Simpson clinches Finn Ranking victory: Hector Simpson from Yorkshire Dales SC clinched the second Finn RYA Spring Series with a 1,1,2 in the final three races at Mengeham Rythe SC…
Full Article: Sailweb Sailing and Yachting News – Simpson clinches Finn Ranking victory,
RYA Youth Nationals – Day 1 Results: Top competitor of Day 1 of the RYA Youth Nationals at Hayling Island SC was Andy Brown with a hat-trick of wins in the RS:X event…
Full Article: Sailweb Sailing and Yachting News – RYA Youth Nationals – Day 1 Results,
Wars are fought by youth; they are fitter, their eyesight works and their reactions faster. Politicians, who believe they know better, understand the argument, can plan and know they are going to win, well sometimes, start wars.
There was a time when the person who started the war went to war taking the aristocrats along. The King and his cronies stood in front of the army and were in the thick of battle fighting alongside their men and killed or captured and ransomed. Kings stopped going to war when they gave up their right as absolute rulers and became the iconic leader of armies giving the men a cause to fight. The 1914/18 war saw the end of aristocrats leading armies; this was for many reasons including the decimation of aristocratic families during the First World War and the discovery, after the loss of several million men, that they were not fit for purpose.
At the end of the First World War armies became better trained, the men better educated and the officer corps received training in man management and management techniques. By the 1970s, there were few aristocrats in British Army Regiments and by the 1980s hardly any with only a smattering of Lords in the elite Royal Regiments such as the Guards and Household Cavalry.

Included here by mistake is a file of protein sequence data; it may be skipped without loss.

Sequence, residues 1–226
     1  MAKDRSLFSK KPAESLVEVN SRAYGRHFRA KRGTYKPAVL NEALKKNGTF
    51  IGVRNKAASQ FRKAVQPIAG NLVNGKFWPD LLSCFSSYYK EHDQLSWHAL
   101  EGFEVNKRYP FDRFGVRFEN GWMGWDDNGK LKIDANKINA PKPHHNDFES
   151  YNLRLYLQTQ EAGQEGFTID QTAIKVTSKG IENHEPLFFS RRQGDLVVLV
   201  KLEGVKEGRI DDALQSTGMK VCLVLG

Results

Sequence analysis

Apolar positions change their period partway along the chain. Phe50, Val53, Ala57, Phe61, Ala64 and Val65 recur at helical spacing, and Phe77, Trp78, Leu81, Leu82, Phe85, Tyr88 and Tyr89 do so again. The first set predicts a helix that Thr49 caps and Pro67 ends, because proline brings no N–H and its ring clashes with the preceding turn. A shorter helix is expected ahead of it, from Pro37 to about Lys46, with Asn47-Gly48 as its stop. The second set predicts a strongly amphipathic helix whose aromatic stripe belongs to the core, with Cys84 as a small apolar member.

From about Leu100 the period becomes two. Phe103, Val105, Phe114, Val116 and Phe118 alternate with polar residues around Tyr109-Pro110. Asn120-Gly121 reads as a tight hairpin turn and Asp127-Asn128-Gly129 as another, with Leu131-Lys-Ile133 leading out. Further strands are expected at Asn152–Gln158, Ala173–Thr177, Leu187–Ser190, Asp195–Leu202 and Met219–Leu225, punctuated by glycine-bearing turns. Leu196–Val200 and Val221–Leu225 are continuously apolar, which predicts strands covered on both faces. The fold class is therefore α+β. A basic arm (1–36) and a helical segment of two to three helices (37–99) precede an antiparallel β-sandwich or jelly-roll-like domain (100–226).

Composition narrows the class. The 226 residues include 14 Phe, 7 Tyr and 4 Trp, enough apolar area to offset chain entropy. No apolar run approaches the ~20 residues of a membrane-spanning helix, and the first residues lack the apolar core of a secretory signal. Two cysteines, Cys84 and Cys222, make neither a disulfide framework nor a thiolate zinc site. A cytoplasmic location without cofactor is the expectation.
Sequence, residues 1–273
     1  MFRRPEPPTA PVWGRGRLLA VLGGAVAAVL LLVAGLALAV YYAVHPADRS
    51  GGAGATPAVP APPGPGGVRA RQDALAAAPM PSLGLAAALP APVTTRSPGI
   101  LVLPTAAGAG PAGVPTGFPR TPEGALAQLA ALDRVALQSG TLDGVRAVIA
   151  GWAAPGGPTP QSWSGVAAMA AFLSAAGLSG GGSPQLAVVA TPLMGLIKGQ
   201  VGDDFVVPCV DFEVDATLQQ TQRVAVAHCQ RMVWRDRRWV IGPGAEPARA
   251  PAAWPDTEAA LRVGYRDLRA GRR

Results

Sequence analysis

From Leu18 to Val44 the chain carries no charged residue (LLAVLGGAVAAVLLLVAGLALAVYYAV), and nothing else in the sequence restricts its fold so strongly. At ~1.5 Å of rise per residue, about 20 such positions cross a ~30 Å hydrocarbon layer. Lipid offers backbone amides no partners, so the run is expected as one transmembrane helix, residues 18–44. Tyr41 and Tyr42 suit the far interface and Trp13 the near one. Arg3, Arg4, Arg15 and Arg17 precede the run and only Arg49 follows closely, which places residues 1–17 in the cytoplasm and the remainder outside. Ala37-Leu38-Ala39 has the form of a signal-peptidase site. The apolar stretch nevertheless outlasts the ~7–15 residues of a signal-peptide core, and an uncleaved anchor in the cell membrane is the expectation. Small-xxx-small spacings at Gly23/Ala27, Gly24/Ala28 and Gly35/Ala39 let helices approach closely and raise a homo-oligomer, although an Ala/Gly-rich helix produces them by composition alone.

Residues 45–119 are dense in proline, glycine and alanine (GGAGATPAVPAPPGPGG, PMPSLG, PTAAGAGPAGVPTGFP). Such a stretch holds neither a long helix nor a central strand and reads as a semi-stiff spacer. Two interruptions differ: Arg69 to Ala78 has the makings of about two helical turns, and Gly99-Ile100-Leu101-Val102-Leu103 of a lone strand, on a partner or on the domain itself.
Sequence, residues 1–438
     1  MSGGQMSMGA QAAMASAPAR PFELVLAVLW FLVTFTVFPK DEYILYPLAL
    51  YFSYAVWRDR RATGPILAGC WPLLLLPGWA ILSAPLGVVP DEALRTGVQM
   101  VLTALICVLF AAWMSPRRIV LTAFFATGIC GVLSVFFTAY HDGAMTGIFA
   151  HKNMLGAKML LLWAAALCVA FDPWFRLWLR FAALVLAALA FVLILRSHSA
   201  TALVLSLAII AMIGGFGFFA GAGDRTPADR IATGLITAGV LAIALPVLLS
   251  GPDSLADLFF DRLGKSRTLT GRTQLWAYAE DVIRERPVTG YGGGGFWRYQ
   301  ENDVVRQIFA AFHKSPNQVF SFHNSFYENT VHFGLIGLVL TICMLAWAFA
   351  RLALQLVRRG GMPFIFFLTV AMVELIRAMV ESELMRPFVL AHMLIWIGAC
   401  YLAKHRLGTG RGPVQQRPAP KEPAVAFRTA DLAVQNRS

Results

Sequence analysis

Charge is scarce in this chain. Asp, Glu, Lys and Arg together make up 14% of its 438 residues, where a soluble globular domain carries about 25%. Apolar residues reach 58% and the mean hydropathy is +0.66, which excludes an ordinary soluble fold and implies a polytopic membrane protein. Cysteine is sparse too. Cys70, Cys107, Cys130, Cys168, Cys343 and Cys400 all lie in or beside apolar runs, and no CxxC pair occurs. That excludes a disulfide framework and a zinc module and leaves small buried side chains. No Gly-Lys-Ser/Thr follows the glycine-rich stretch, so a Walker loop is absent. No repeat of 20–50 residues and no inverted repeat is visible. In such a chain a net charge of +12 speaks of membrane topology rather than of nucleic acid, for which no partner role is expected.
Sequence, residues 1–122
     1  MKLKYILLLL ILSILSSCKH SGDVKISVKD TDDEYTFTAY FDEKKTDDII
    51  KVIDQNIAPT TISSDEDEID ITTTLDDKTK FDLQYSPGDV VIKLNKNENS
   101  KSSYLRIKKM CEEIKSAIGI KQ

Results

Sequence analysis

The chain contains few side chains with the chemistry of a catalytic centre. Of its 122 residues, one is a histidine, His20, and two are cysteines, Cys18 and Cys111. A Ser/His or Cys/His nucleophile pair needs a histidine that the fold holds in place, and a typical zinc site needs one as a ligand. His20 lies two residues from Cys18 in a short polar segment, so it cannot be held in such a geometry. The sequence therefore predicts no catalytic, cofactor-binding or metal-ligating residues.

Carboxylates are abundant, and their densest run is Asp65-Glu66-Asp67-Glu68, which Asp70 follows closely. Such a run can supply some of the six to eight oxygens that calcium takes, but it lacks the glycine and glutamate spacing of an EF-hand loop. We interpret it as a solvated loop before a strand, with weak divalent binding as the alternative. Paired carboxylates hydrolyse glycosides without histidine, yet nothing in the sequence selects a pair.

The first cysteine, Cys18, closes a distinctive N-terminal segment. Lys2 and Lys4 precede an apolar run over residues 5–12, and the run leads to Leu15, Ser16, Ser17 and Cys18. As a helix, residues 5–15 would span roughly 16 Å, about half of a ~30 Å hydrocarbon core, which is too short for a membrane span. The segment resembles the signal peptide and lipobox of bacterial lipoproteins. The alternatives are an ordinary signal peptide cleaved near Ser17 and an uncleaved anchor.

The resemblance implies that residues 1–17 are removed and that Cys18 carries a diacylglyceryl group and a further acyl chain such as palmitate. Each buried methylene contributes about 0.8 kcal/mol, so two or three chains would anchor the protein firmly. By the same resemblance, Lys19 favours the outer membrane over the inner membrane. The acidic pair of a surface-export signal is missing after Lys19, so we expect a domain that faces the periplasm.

On modern battlefields you will find few peers of the realm, commanding troops though there will be former grammar and secondary school boys and girls from very similar backgrounds as the troops they command. In many walks of our society the privilege of rank through birth has long gone and not a bad thing or is it?
The people with rank and privilege today are not the elite of thirty or even fifty years or more ago, they no longer understand there was a price to pay for privilege and that was duty and possibly death when carrying out their duty. A man who understood the price of privilege was Sir Winston Churchill, when he lost his government job during the 1914/18 war he put on a uniform and joined the men in the front line. There are many other men and women that understood the cost of being privileged and have given their lives in return.
Today politicians believe that in return for minor hardship and a poor salary privilege is the reward as is the several million they will earn when their political life ends. Perhaps now is the time to revert to the traditional rewards for privilege and instead of visiting troops surrounded by security and troops they should put on a uniform, pick up a gun and spend six months in a basher or trench.
There are around 600 British Members of Parliament, a regiment and would not be expected to accept soldiers pay only the hardship and risk. Kings and the nobility understood they were a focal point, the enemy’s target taking pressure of the ordinary soldier and provided the opportunity to take out the enemy whilst they concentrated their efforts elsewhere.
There are other benefits, politicians would make sure the troops had the best equipment, the best officers, the best planning, there would be no political gains or cover-ups and a great deal more thought given to the necessity of going to war.
Queen Elizabeth I knew the benefit of standing with her men when she gave her weak and feeble woman speech, there was little she could do in the heat of battle but being there boosted morale and gave the men a reason for laying down their lives.
Bardstone Penfold is an established name in the Folkestone written arts, penning articles and reports on a freelance basis for established specialist magazines in the world of antiquities and humour.